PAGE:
Wishful thinking

Carrie Russell, Senior Vice President of Retail Banking for TD Canada Trust. When I was eight years old, I believed if I closed my eyes and crossed my fingers, arms and toes, whatever I wished for would come true. I was reminded of this while reading about a study we did to better understand Canadians’ attitudes towards saving for retirement. An astonishing 20% of those surveyed said that instead of contributing to a Retirement Savings Plan (RSP), they are counting on winning the lottery, inheriting money or relying on the Canada Pension Plan (CPP) or Quebec Pension Plan (RRQ). About as reliable a plan as crossing your fingers and making a wish.

If you have retirement fears, the best way to quell those fears is to take charge of your future now. That is easily said and harder to accomplish. But, it can be done, even if you are finding it really tough to stretch your dollars until your next paycheque.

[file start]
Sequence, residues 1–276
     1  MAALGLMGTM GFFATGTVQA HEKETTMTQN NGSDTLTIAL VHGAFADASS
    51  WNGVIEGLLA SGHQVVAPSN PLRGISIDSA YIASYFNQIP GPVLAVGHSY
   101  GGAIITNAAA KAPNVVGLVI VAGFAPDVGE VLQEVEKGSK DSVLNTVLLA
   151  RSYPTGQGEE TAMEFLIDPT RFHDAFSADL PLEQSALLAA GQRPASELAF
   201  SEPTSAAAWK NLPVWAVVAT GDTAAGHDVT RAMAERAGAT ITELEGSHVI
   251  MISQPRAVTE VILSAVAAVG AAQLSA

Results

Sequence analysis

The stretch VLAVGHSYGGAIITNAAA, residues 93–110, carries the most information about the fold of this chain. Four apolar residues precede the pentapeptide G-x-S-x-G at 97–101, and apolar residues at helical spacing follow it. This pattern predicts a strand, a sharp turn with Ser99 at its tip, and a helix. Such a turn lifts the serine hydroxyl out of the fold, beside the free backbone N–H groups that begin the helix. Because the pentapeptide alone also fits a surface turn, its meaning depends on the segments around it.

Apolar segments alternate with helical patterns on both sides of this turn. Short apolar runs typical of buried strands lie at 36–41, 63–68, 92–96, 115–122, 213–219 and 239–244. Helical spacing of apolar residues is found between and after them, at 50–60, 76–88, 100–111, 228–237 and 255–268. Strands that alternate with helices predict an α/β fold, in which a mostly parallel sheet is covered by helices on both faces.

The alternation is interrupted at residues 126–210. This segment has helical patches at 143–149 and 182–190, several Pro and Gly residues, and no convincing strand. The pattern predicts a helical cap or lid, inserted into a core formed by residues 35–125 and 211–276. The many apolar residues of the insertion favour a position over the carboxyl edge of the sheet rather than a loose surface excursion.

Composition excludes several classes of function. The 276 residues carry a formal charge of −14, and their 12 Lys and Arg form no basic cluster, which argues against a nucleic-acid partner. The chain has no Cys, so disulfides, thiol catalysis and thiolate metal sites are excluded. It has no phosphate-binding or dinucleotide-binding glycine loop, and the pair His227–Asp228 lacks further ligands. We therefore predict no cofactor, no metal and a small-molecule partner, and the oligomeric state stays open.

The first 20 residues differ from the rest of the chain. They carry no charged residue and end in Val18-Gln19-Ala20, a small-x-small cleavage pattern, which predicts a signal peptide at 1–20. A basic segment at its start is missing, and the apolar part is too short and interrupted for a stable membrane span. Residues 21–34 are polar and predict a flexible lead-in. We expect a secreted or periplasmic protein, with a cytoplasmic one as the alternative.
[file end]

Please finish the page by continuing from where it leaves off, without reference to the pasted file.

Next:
Ideally, you want to put at least 10% of your salary each month into savings, but if that number is too difficult for you to contemplate, don’t panic; do a little something rather than doing nothing. Start small by opening a RSP and setting aside just $2 a day. Start contributing at age 25 and you’ll have more than $125,000 by the time you are 65. The web site tdgetsaving.com has tips on how to get started.

Although it is essential to plan for the future, it’s also important to save for the here and now. Create an emergency fund that will pay your rent and daily expenses for a few months, just in case. An easy way to do this is with an automatic transfer from your chequing account into a savings account or Tax-Free Savings Account. Start with just $2 a day and you won’t even notice it’s gone.